I posted a note on Twitter yesterday how I was finally moving to Ubuntu away from Apple. I have run Linux based systems for years. I started out in technology as a Unix administrator so this is not foreign to me. I have tested a number of Debian and RedHat derived systems. Up until around ten or so years ago I had been a strict RedHat users then migrated to CentOS as RedHat’s business model changed. But all that was on the server. For home and my main business machines I wanted the power of Linux without the hassle of fighting drivers, especially for graphics and printing. This meant I only had one real choice and that was MacOS. But that has been changing. MacOS has gotten more GNU hostile. Hardware changes in MacOS have been leaving me behind. Apple is focused on iOS and emoji’s today not power users.
My wife’s iPhone was finally at the end of its useful existence and she was interested (with no prompting from me btw.) in trying a Google Pixel. A number of her friends have one and they love it. Google is about to announce new Pixel phones soon so the price of a Pixel 3 is a bit of a sweetheart deal. It was low risk at this price point to give it a try. The one issue was that my wife has been in the Apple ecosystem for years. I was worried how this transition would go, especially with losing Apple Messages. It turns out that since most of her friends have converted to Android the switch was pretty smooth. With no burden of Apple Messages any longer, I took the opportunity to convert to Ubuntu on my home server.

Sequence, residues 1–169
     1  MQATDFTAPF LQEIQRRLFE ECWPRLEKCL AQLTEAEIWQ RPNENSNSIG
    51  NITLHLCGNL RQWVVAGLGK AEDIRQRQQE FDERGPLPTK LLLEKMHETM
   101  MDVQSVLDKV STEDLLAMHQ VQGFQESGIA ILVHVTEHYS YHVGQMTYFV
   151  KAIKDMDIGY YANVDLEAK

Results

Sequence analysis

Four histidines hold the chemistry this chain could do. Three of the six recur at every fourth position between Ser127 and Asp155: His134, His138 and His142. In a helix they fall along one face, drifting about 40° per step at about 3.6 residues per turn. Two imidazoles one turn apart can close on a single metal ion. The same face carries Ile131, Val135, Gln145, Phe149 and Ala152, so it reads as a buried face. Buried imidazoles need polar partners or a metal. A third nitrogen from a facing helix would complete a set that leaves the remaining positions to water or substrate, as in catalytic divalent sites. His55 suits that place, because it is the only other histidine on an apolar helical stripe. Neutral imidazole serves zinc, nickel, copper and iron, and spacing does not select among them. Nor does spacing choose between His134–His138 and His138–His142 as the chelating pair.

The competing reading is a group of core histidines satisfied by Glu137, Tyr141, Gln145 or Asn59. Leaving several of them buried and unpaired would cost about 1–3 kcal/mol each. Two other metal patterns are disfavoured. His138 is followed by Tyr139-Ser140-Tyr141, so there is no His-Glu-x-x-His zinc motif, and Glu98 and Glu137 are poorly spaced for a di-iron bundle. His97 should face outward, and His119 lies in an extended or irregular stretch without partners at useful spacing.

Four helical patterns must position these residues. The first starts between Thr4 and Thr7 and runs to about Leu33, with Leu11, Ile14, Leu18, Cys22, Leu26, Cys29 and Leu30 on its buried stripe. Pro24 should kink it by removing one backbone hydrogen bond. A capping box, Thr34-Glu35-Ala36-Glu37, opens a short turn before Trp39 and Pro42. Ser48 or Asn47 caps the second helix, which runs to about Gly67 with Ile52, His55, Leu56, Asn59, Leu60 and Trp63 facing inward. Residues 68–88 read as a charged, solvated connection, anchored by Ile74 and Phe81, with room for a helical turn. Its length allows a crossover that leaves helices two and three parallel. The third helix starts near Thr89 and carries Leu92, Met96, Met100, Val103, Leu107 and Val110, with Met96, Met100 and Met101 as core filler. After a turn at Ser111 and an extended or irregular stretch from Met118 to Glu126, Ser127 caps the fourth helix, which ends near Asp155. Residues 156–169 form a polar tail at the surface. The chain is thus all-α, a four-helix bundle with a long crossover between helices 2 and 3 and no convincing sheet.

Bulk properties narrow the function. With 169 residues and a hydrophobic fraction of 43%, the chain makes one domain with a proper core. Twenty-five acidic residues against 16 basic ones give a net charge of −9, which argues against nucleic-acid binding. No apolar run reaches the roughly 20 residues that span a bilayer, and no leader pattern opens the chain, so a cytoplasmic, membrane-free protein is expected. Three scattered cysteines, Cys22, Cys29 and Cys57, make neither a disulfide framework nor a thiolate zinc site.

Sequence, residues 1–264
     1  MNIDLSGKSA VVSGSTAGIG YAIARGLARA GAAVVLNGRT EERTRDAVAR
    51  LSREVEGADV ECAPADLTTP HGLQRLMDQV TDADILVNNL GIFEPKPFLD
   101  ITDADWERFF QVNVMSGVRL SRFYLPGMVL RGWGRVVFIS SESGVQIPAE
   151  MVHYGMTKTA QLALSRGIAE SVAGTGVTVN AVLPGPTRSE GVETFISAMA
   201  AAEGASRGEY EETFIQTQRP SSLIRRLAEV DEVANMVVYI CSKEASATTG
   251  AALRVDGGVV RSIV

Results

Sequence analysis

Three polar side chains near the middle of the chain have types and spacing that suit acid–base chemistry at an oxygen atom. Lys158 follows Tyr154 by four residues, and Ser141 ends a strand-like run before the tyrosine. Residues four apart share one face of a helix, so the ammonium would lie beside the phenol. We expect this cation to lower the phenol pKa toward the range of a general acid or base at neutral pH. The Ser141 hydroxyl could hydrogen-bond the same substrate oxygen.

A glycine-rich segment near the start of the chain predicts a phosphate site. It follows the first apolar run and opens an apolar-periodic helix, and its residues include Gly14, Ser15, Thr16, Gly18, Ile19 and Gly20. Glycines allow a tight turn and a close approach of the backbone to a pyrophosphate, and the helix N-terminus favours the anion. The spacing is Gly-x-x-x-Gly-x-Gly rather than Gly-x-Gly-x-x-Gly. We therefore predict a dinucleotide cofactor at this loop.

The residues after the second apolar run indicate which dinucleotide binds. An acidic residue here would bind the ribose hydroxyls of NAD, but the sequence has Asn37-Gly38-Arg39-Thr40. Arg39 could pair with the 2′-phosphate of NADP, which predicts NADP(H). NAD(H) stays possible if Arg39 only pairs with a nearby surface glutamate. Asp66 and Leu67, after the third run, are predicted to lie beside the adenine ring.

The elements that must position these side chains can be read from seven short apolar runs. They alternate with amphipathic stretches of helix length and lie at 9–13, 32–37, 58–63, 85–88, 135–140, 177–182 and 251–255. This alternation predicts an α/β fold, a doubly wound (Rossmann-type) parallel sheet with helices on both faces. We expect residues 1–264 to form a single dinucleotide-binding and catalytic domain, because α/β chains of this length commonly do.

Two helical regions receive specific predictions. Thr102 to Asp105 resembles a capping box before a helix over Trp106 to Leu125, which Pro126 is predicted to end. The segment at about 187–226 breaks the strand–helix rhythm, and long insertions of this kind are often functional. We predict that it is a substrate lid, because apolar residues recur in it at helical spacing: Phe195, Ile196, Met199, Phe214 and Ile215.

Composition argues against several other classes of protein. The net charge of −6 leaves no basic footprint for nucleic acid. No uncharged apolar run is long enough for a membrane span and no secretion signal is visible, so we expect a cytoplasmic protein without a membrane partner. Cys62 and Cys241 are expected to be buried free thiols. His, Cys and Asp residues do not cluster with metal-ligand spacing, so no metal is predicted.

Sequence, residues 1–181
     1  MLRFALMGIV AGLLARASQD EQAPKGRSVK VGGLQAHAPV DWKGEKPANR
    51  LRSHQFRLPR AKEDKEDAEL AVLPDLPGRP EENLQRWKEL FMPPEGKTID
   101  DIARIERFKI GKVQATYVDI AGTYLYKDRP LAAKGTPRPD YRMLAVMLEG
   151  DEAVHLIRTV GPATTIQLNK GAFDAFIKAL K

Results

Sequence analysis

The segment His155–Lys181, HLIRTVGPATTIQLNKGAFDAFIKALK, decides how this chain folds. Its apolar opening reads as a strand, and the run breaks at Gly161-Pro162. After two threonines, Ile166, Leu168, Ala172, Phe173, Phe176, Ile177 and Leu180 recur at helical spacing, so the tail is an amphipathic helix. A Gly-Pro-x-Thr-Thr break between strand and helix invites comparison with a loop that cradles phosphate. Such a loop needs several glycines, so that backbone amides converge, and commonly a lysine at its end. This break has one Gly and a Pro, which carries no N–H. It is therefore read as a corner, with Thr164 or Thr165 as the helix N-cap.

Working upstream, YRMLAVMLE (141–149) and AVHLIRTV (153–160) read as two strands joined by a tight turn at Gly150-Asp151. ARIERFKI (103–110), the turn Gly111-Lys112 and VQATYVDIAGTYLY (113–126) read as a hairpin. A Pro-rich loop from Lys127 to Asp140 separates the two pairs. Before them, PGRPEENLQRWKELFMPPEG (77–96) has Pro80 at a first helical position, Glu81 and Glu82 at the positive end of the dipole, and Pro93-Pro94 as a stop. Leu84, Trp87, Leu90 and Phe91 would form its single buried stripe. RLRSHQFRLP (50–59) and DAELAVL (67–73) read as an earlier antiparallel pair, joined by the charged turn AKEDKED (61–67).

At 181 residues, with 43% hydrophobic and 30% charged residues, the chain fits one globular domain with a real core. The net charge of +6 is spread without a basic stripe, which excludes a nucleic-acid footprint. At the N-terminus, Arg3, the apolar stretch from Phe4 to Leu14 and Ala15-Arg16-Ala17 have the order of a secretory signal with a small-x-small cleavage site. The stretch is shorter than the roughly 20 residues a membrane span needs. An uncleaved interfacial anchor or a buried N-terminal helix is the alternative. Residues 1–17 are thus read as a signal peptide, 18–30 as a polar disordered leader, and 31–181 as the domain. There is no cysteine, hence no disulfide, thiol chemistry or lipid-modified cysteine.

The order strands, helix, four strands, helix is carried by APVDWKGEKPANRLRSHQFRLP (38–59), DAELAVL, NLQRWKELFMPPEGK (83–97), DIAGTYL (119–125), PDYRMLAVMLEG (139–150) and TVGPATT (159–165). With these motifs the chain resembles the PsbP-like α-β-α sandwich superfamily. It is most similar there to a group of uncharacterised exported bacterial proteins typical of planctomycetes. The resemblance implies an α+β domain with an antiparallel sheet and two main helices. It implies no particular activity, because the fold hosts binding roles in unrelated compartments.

Technically, I have been running Ubuntu on my home server for years. But I am now using it as my main home desktop as well. The Mac Mini I had been running was bogged down and not playing nice with software and Catalina didn’t help the situation. The time was just right to move.
I am running Ubuntu 18.04.3 which is the LTS release, again, my main goal is to not have to fiddle any more than I want to. I am running on an old Dell XPS 8700 which came out roughly around 2013. It all just works, including setting up the NVIDA drivers which have traditionally been a pain to get working.
Why did I choose stock Ubuntu rather than one of the flavors or even a different desktop? I have tried others but the Ubuntu team just does a great job of testing and squashing bugs. I spend the bulk of my time in a terminal or browser so the desktop doesn’t matter much. I have tried several tile based desktops, but I prefer stock – less fiddling, less problem.
I would recommend anyone that wants a solid, stable experience to give it a try. I have an old Lenovo Thinkpad I had played with running Ubuntu on before I might make my main laptop moving forward now!